Finally, you need a pair of needle-nosed pliers to finish extracting pins from links once they are loosened by your pushpin. These pliers have long, slim pincers that are perfect for handling the tiny pins in your watch band. 

Set up your workspace so that it is fully illuminated and comfortable to sit or stand at. Set aside 30 minutes to an hour to make adjustments to your watch. Take your time with the process – it may feel like a bit of a chore, but performing maintenance on your watch can become a ritual that you enjoy and find rewarding.

Removing Links From Your Watch Band 

To get started with removing a link from your watch band, remove the band from your watch. If you have a quick-release metal watch band, it can be detached from your watch using the release levers on the left and right sides of your watch. These tiny levers retract the coupling pins from your watch with a light press, allowing you to easily remove your band from both sides of your watch.

Once you have removed your watch band from your watch, lay it flat on the surface of your workspace. Then, take your pushpin and gently press it into one of the connecting holes between two links in your band. With some light pressure, the pin should partially retract from the watch band, making it easy to remove it fully with pliers.

Take your watch band in your hand, cradling it carefully so that it does not fall. When you remove the pin, your band will separate into two halves, so it is best to get a secure grip on it before you pull the pin out with pliers.

With a pin removed, one of the links in your watch band will be removed. To reconnect the two separated halves of your watch band, you can place a loose pin in the connecting point between two links and give it a gentle tap with your jewelry hammer. Once you have removed a link and rejoined the two halves of your watch band, reattach the band to your watch and try it on. If it is still too loose, try removing another link. Getting the fit just right may take some trial and error.

Adding Links To Your Watch Band

The process of adding links to a watch band that is too tight is a bit more complicated than the process of removing them. When you have too few links in your watch band, it is sometimes tough to tell how many you need to add for a better fit. In addition, adding links to a tight band may require you to order some extra links from the manufacturer of your band. However, resizing a watch band that is too tight can still be done with some patience and precision.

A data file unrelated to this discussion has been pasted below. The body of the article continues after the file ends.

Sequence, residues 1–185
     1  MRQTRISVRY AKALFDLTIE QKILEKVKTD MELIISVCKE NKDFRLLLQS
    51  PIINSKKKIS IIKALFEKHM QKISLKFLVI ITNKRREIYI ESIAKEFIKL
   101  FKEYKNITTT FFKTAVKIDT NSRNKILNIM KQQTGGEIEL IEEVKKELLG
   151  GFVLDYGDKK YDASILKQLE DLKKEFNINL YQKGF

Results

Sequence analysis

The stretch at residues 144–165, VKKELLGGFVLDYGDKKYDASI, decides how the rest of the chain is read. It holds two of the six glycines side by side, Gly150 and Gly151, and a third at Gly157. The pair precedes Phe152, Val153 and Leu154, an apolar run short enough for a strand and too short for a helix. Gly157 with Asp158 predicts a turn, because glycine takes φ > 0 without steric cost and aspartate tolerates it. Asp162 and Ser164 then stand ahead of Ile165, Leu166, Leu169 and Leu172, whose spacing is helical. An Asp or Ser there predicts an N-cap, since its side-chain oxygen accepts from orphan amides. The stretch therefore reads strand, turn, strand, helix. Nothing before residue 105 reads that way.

To add links to your watch band, you can create a separate chain of connected links to make a major adjustment, or just add one link to your band to make a smaller adjustment. Whether your adjustment is big or small, the process of adding links is relatively similar to the process of removing them – you’ll need the same tools and the same steady, precise hand. 

Adding links to your watch band means creating two separate halves of your band by removing a pin with a pushpin and pliers, the same way you would if you were shortening your band. Once you have separated your band into two halves, add any additional links to the chain by coupling them with each other using your pushpin, pliers, and hammer. Once you have added the desired amount of links to your band, try it on for size. If it is too loose, you will need to remove a few of your added links. Likewise, if it is still too tight, try adding one or two more links to your band. 

Ultimately, the process of resizing a metal watch band can take plenty of determination and patience, but it is worth it in the end. With the right tools and a good space to work in, you can get the job done well and end up with a watch that is much more comfortable.

 

Sources:

https://hespokestyle.com/nato-strap-history/

https://www.thehourglass.com/collectors-guides/how-should-a-watch-fit/

https://www.gearpatrol.com/watches/a33637601/quick-release-watch-straps-are-better/